Dear Council Members, Alumni, Students, and Colleagues,
The Beacon to be Preserved, Construction Plan to be Discussed
In his open letter dated 20 November 2008 on the proposed extension of the University Library, Prof. Ching Pak-chung, Pro-Vice-Chancellor, has reiterated the University's firm position that the Beacon will be preserved. Let there be no misunderstanding about our constant and non-negotiable position: the University Square cannot be altered, and the Beacon, the repository of so much of our history, must be reinstated in its existing form when construction is completed, its size not diminished by one inch, its shape and look not changed by one iota.
Although during the construction phase, the closure of the University Square is to be limited to no more than one year, I am still concerned about the possible impact on the Beacon during that period. Accordingly, I have instructed Prof. Ching and the building committee for the library extension project to study all feasible construction options, including the possibility of limiting the scope of work, and the possibility of not affecting the Beacon even in this construction phase. At present, the building committee is consulting the project architect on technical issues, in order to examine all feasible construction options, and will soon engage with CUHK members; a number of communication sessions with students, staff and alumni are being arranged. We would like to hear your views and suggestions before the building committee decides upon a construction option.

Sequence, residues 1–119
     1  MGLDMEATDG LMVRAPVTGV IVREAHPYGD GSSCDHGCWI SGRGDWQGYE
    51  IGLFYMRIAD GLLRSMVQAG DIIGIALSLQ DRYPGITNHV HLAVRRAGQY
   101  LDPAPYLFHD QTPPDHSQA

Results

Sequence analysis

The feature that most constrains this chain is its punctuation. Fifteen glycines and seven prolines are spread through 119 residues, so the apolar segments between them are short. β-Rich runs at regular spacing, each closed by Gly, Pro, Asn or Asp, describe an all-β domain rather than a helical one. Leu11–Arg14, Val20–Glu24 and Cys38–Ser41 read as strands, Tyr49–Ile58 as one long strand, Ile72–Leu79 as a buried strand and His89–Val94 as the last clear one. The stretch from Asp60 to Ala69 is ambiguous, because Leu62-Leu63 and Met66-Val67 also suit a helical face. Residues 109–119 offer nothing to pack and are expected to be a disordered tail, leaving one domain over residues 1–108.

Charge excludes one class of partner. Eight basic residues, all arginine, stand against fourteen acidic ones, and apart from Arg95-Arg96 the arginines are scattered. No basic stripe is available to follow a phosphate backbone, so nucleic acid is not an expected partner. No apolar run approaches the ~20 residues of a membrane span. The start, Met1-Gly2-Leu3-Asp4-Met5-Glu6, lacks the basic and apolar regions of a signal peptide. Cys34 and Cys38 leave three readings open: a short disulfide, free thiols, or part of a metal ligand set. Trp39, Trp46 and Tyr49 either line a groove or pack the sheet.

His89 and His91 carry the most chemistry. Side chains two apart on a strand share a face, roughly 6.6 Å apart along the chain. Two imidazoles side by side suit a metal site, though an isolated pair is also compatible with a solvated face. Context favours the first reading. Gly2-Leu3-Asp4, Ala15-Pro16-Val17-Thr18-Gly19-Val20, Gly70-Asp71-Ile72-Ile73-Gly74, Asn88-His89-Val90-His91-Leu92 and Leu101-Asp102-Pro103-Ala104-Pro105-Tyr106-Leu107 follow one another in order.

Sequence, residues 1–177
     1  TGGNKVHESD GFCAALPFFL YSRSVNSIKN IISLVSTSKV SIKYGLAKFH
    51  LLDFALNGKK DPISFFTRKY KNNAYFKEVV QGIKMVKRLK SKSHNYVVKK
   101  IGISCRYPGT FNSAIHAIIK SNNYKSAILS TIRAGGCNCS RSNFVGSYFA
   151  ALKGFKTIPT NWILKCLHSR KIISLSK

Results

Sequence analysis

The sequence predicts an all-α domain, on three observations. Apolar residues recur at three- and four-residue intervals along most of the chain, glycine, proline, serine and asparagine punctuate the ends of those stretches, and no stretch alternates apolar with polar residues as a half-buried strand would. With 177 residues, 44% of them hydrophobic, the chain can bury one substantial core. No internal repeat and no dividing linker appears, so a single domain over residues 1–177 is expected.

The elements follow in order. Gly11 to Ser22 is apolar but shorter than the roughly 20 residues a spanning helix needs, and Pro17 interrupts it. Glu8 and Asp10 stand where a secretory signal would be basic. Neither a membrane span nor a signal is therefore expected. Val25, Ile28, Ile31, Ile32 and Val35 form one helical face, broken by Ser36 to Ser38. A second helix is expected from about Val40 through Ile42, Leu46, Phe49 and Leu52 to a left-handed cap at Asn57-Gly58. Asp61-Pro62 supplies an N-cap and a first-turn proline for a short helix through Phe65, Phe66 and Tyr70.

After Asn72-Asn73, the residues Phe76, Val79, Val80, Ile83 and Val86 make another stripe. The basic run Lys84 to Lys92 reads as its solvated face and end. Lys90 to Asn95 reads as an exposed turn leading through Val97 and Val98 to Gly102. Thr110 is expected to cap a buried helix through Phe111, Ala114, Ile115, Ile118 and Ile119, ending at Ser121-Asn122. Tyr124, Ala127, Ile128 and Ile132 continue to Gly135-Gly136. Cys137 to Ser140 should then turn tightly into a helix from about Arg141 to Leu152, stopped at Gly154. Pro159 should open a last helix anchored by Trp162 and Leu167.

We are proud of our campus and treasure its beautiful setting. The building committee proposed an underground development plan for the Library precisely to avoid building a high-rise that would blot the campus landscape. Right from the first deliberation on the proposal a year ago, there has been a clear consensus that no alteration to the University Square will be allowed. Our resolve to preserve the cherished landscape and our historical heritage has been constant and firm.
The Beacon is a symbol of the University's ideals and a symbol of our history, including the rallies for the four-year curriculum mounted by staff and students many years ago. We certainly will preserve it for future generations of those who will call CUHK home.
We sincerely hope that the library extension work would be completed in time for providing the requisite library services to the enlarged student body under the four-year curriculum from 2012 onwards. The Beacon will continue to command the University Square as before, and will welcome the new students under the four-year curriculum, as a fitting witness to the final triumph of the valiant defence of the four-year curriculum by students and staff on that very spot.
Lawrence J. Lau
24 November 2008